Why I love admin.com’s MX record!

It’s pretty fair to say that admin.com is probably one of the most abused domains in the world.

I take my hat off to them in their attempt to combat spam.

They tool the simple eloquent solution of setting their MX record to localhost.

This dear reader is pure genius.

It is genius because it means that any DNS-aware mail server carrying mail for admin.com will burn up on repeated local delivery attempts my this MX record to localhost forcing the mail server into attempting delivery to itself.

The added bonus of this method is that mail never hits admin.com’s servers thus ensuring that their servers do not serve a dross of spam.

While it is obvious that this method does not allow delivery of mail if you actually want to receive mail, it is only suitable in this uncommon situation, and hmm, maybe some other situations.

It may possibly be a suitable remedy to eliciting noticeable decommissioning of domains such that the receiving SMTP servers catch no load and the sending SMTP servers get to see all the errors.

This may also be a useful spoofing technique for DNS views within your control if you want to suppress mail to certain domains within a subscribed client-base.

Or maybe suppressing mail from a machine which it is not possible to disable applications from mailing out.

A quick ‘hack’ to test this on any given machine is to alias the given domain to localhost in the /etc/hosts or c:\windows\system32\drivers\etc\hosts file in order to elicit the same outcome.

Caution is recommended – don’t lock-out access to key hosts like yourself or the device’s default router by aliasing critical network nodes. Your mileage may vary – don’t alias the name in which your machine has (if known to the device) for which you are using to administer the given device.

Using Nessus for software patch management

Today’s blog is about using Nessus for software patch management.

While Nessus is a popular tool for network security scanning, it also has some less obvious uses too, such as patch management, or more specifically, reporting.

Through allowing Nessus access to a device via an authorised system account, it can audit the package inventory on the device.

As Nessus supports many different operating systems and distributions, it becomes possible to manage your patch reporting for all of your device types (such as AIX, Solaris, Linux, Windows, Cisco IOS, MacOS X) from a single point of reference.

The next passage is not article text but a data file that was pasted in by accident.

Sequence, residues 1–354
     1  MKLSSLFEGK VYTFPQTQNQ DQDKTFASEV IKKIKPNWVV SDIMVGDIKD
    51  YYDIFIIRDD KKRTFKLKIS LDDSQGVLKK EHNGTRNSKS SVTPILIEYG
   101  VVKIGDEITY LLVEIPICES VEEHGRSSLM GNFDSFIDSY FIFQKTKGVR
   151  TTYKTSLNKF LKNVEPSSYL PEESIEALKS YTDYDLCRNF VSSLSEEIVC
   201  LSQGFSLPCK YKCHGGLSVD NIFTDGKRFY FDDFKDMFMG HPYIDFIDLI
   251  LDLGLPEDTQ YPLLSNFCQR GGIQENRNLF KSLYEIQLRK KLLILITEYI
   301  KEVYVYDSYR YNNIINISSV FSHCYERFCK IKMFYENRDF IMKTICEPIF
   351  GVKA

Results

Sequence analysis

As all package vulnerabilities known to Nessus are scored like any other vulnerability, it is possible to categorise and qualify the patches in which you choose to apply.

This enables the patching policy to be driven by qualified security needs, and not “just because the vendor recommends it”.

Nessus can also plug-in to tools such as WSUS and Red Hat Satellite, however I am yet to explore what functionality it brings (i guess it will audit only against authorised patches or something…).

So by creating a ‘nessus’ account on the host (non-root/non-Administrator of course) in order to list the package inventory

Creating a ‘nessus’ account on the WSUS or Red Hat Satellite server

Configure a scan policy with local authentication and configure WSUS/Satellite with the required credentials

Select only local scan checks, exclude operating systems and scan type which do not apply to software package releases

Configuring a policy can be time consuming – don’t worry about de-selecting *ALL* of them – just get most of them – it’s only to speed up the scan anyway as those which don’t apply shouldn’t return a hit, so refine it over many iterations by removing more unwanted checks on second and third pass and so on.

Save the scan

Schedule a scan using that policy you just saved against your targets

…and viola! once the scan is complete – you have a single cross-platform patch report for all of your machines!

Post Codes

What does a post code say about you? well, it can affect your insurance premiums, and may categorise you demographically. Again, unless it is a service which sends you important mail or one which has a legal obligation or one which could require formal identification, a bogus address and post code will suffice. Most postal districts have their first post code as being <prefix>1 1AB and so on, so it is easy to make up a location central to a given postal district like n1 1ab is probably or at least was at one time the sorting office northampton and b1 1ab the sorting office for birmingham for example, so it is logical to assume a post code of n1 1ac may exist. take a look on google maps to find a postcode of your choice. This evasion is best used for privacy when making cash payments at shops which ask your postcode on the way out as you pay and those which ask you to complete some kind of survey.